The cost of healthcare will continue to rise as the cost rises. They pay more in taxes, they charge more. Just like any business.
      The question remains, how do we cut the cost of healthcare with so many costs built into the system from college, med school, specialty, internship with little compensation then add in the costs after the fact of insurance, interest on loans, employee costs, rent, utilities, equipment, follow up education, etc. Where's the incentive to become a doctor other than the desire to help people?

    2. It's so funny to me that you and I magically have anecdotal evidence from two physicians that not only are 180 degrees different, but also reflect our world views. My preceptor is not fond of dealing with Cigna either because of all their pre-authorization bullshit, but he was happy to take ACA patients and he has no problem at all with Medicare.

      Lowering taxes on MD pay will not make healthcare cheaper.

      As I asked up top, do you believe that doctors will suddenly be so happy with a lower tax rate that they will flock to primary care?

      Do you believe doctors will suddenly charge less because they have lower taxes so that they basically put themselves right back in the same spot?

      I mean, it's the tax thing AGAIN with the belief that lower taxes will fix everything despite the fact we have about 3 decades of data that suggest something entirely different.

    3. I don't believe I said lowering taxes would make healthcare cheaper but raising taxes will certainly make it more expensive.

      Would a tax break for physicians with the probability of making more be an incentive for more to become doctors?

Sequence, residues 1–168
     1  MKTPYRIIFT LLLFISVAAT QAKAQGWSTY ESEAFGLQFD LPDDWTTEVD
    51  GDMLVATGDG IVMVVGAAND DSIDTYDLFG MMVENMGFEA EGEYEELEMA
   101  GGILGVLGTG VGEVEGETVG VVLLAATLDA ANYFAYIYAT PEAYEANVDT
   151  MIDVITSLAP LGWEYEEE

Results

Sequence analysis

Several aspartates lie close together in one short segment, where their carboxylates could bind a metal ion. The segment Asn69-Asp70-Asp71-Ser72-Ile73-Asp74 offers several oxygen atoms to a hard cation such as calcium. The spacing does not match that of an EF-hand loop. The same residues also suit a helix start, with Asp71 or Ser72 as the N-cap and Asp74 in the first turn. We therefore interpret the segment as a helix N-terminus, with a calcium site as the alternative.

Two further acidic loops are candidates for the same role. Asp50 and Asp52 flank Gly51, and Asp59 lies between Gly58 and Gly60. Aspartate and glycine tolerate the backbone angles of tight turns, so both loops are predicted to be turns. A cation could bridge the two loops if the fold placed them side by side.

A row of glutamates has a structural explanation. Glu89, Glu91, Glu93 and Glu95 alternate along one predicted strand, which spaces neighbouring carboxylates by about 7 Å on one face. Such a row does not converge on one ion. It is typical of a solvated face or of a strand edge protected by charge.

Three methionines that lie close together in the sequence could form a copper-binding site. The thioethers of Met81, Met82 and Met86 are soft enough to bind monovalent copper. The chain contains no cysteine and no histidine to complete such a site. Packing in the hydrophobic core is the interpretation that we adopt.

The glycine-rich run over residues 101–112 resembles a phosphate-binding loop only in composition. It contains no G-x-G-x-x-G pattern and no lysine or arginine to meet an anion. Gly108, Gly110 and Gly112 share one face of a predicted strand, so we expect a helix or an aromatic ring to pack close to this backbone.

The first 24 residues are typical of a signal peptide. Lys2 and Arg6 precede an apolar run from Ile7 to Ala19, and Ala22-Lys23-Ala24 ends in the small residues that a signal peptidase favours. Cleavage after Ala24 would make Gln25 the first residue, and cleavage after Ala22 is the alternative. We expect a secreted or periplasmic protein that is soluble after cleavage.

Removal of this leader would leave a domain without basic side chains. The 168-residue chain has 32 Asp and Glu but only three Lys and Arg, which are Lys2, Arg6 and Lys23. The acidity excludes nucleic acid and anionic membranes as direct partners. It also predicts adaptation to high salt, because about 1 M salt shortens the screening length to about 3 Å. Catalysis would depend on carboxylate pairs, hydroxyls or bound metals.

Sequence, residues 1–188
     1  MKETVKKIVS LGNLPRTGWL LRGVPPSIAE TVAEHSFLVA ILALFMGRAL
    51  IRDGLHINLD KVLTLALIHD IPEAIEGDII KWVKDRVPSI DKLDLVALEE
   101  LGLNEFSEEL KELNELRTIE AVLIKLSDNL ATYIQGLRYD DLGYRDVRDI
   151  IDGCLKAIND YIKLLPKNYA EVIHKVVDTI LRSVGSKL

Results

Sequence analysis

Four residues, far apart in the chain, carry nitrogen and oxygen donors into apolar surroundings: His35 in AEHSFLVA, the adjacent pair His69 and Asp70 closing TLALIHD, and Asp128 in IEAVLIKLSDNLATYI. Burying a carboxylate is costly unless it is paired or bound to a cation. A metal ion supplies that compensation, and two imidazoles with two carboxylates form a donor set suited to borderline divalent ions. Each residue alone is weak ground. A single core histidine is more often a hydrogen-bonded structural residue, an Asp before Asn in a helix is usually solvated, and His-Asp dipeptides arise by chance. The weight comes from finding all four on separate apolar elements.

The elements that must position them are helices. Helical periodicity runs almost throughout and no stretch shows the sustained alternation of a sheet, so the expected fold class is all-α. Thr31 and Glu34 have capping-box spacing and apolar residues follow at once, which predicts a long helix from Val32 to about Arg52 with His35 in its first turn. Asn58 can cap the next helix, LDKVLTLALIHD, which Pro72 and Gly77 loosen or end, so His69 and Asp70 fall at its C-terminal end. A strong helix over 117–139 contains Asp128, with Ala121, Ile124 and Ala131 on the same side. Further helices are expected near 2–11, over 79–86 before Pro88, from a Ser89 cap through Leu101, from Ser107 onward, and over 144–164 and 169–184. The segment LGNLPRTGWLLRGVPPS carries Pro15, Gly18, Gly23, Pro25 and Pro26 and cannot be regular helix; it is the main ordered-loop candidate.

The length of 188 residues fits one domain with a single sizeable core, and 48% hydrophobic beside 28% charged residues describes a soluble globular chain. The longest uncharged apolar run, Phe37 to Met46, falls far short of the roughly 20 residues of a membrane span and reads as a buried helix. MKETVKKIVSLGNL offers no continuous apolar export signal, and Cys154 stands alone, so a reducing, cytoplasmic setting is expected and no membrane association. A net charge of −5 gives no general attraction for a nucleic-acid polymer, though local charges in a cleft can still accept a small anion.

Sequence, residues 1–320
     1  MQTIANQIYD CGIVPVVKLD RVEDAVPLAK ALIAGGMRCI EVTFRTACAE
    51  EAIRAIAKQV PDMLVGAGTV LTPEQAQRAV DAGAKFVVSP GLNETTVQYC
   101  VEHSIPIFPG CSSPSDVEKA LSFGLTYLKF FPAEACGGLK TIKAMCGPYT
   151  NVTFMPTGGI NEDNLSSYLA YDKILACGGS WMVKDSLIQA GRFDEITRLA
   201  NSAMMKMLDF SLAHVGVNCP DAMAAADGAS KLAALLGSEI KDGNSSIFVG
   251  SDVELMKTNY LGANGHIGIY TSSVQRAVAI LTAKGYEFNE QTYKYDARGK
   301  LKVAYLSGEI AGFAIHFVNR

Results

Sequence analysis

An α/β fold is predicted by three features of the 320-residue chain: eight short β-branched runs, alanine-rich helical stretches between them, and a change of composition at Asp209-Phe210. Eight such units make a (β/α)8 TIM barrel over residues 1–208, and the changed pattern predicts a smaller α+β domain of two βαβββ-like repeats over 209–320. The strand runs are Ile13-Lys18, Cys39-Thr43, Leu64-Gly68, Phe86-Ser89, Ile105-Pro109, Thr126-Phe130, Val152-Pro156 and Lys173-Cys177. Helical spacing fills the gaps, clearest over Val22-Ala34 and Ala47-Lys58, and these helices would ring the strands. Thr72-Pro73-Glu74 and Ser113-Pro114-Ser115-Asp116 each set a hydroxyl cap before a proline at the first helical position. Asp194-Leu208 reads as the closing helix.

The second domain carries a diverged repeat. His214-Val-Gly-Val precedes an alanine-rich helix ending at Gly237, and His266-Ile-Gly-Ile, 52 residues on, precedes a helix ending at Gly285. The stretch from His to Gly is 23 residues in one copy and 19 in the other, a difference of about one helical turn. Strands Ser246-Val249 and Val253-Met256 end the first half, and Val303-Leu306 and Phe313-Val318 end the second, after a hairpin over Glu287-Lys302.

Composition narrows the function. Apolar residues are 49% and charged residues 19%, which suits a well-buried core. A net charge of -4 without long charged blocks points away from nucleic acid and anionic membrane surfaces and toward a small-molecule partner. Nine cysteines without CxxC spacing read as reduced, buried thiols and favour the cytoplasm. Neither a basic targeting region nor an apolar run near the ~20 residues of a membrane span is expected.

Of course no one charges less when costs are reduced from the paper delivery person to ice cram to any business in the US. Raising cost will certainly result in price increases.

      Lower taxes fix nothing but it does leave the person paying less in taxes with more. The 10 million people who were removed from the tax rolls with the Obama tax cuts in 2013 will attest to that.

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    5. The thing is, primary care physicians aren't really going to make more or get paid better, they will just pay less taxes and they will still make way way less than physicans who specialize and they will still have to deal with all the bullshit that insurance companies dish out. Anecdotally (again) I've been talking to the doctors just out of residency who are doing a fellowship with our company for palliative care. They expressed a lot of disappointment with what they found out medicine would be versus what they hoped it would be. Money was not an issue, but job satisfaction was. I think you answered my question (not sure) with an affirmative that you think lower tax rates from primary care docs will entice more residents to enter that field. Nothing I've seen so far from the inside suggests taxes have any meaningful impact on the decision to avoid primary care.

      My preceptor enjoys primary care and his patients love him. However, he only schedules 13-15 patients max every day. A tax break would make him happy cause he would take home more money, but it's not like he's going to leave primary care if tax rates go up. I believe that removing people from the tax roles was basically a bribe for sending good paying jobs away and to compensate for the fact that they did not get raises for year after year after year. I'd bet a fair amount of money Lou that those people would much rather make better money than pay no taxes. Do you disagree?